Soviets Deny Agreement on Europe Missiles

Associated Press

A government spokesman today denied Western news reports that the superpowers have ironed out differences on the elimination of medium-range missiles from Europe.

Until agreement in principle is reached, there will be no reason for Soviet Foreign Minister Eduard A. Shevardnadze to go to Washington, ministry spokesman Boris D. Pyadyshev told journalists at a regular news briefing.

Pyadyshev also disclosed that U.S. Ambassador Jack Matlock met with Shevardnadze on Tuesday and delivered a letter from President Reagan to Soviet leader Mikhail S. Gorbachev. He declined to discuss its contents.


Soviet and U.S. negotiators at the Geneva arms talks reportedly have been near agreement for months on eliminating medium-range missiles from Europe.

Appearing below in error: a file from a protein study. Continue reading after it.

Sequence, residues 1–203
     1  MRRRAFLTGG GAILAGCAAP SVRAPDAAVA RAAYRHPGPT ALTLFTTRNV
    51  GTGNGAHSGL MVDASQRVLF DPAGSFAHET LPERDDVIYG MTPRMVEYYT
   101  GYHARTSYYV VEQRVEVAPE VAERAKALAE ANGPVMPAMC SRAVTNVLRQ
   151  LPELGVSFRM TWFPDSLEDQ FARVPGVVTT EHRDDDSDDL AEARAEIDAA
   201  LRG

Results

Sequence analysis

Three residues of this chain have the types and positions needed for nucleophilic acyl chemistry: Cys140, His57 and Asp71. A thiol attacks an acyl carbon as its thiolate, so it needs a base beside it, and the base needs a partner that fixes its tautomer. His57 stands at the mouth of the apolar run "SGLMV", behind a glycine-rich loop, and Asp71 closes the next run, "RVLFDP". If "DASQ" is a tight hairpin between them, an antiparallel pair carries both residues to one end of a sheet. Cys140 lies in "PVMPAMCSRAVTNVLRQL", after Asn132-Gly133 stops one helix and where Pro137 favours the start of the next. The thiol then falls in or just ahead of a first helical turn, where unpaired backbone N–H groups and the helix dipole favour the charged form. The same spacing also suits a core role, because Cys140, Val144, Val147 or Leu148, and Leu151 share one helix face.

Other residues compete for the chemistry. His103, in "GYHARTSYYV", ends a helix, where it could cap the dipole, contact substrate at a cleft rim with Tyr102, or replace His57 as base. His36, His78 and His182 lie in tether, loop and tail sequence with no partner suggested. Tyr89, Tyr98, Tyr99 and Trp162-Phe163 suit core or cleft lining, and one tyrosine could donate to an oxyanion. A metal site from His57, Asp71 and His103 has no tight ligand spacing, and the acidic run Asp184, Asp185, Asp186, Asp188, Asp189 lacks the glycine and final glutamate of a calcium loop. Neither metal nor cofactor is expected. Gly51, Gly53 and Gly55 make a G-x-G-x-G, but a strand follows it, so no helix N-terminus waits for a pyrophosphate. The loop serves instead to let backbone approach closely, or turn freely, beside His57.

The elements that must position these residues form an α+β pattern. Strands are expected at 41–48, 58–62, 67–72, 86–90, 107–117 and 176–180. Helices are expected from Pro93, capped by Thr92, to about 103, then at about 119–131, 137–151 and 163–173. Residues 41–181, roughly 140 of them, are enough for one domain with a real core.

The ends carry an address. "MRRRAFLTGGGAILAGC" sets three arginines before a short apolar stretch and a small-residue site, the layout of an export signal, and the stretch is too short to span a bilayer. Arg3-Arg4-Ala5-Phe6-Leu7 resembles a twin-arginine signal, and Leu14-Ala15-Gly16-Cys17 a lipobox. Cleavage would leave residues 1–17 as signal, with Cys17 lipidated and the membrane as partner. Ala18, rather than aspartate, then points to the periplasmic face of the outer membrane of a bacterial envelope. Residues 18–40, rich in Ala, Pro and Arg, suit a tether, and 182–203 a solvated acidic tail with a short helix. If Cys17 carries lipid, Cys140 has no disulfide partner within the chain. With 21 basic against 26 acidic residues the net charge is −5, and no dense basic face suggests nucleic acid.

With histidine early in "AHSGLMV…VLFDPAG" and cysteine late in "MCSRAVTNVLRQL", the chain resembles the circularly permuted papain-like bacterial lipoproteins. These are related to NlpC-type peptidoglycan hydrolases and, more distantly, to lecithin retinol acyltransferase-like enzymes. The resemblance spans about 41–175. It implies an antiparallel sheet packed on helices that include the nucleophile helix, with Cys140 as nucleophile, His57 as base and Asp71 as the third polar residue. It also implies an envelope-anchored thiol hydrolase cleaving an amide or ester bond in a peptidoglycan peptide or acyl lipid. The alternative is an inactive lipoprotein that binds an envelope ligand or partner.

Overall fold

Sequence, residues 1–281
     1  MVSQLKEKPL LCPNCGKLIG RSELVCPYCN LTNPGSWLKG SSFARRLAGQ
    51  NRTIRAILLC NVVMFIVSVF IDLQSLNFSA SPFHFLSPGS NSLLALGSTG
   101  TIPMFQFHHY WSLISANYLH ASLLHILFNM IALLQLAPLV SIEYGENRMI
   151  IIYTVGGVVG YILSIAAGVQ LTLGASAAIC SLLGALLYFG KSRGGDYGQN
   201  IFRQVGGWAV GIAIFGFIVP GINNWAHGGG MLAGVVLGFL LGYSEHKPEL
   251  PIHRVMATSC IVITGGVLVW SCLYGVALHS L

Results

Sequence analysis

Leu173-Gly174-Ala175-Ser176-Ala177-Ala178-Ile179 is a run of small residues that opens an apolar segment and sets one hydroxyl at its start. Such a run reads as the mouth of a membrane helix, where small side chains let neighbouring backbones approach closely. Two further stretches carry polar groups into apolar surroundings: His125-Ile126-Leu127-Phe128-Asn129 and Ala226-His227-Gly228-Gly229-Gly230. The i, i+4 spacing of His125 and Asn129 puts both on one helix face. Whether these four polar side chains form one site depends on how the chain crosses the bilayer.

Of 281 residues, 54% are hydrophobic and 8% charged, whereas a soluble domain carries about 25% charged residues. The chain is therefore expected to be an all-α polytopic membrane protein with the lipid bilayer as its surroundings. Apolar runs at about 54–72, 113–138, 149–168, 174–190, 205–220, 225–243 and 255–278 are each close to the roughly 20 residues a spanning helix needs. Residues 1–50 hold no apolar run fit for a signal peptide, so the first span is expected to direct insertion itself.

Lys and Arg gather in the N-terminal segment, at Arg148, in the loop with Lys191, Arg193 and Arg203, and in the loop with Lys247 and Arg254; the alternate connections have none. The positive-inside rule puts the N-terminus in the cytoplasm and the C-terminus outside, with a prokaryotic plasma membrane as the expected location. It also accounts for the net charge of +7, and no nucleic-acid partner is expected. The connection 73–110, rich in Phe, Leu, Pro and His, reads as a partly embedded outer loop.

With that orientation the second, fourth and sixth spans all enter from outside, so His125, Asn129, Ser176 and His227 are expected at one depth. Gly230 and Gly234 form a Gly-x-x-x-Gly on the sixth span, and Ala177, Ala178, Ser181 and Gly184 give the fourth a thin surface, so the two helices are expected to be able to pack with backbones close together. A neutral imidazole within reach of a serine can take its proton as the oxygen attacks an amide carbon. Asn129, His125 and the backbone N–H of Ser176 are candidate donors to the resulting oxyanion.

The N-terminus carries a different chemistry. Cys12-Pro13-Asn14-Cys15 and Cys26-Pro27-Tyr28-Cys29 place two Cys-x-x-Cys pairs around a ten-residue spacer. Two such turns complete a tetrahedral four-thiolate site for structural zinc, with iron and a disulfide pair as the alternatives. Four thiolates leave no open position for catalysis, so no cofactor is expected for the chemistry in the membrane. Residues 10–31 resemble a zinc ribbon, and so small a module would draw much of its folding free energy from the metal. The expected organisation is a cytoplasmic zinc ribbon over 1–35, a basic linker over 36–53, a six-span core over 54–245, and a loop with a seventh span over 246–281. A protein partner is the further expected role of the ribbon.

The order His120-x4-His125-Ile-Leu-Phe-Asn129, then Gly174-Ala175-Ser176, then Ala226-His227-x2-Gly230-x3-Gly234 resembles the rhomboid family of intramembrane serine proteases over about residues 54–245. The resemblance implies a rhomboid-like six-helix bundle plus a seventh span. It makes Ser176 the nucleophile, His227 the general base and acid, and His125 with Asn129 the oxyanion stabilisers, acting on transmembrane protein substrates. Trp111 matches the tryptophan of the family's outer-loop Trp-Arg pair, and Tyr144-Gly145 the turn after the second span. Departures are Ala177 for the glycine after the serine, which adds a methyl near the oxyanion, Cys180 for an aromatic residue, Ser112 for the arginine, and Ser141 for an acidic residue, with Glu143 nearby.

Talks Bogged Down

But the talks have bogged down recently, and U.S. officials disclosed last week that Shevardnadze was expected in Washington in mid-July for talks with Secretary of State George P. Shultz to spur the arms control process.

Pyadyshev repeatedly denied reports by Western news agencies which, quoting unidentified U.S. sources, said Soviet Col. Gen. Nikolai Chervov had proposed a compromise two weeks ago in Geneva to U.S. negotiator Maynard Glitman.

According to the reports, the Soviets would agree to dismantle their 462 missiles in Europe with a range of 315 to 3,125 miles, and 221 additional missiles in their Asian territory.

2 Basic Restraints

In return, the United States would remove its 316 missiles from Europe, agree not to deploy shorter-range rockets and accept two basic restraints: that the 208 ground-launched cruise missiles and the 108 Pershing 2 rockets could not be modified into shorter-range Pershing 1B weapons.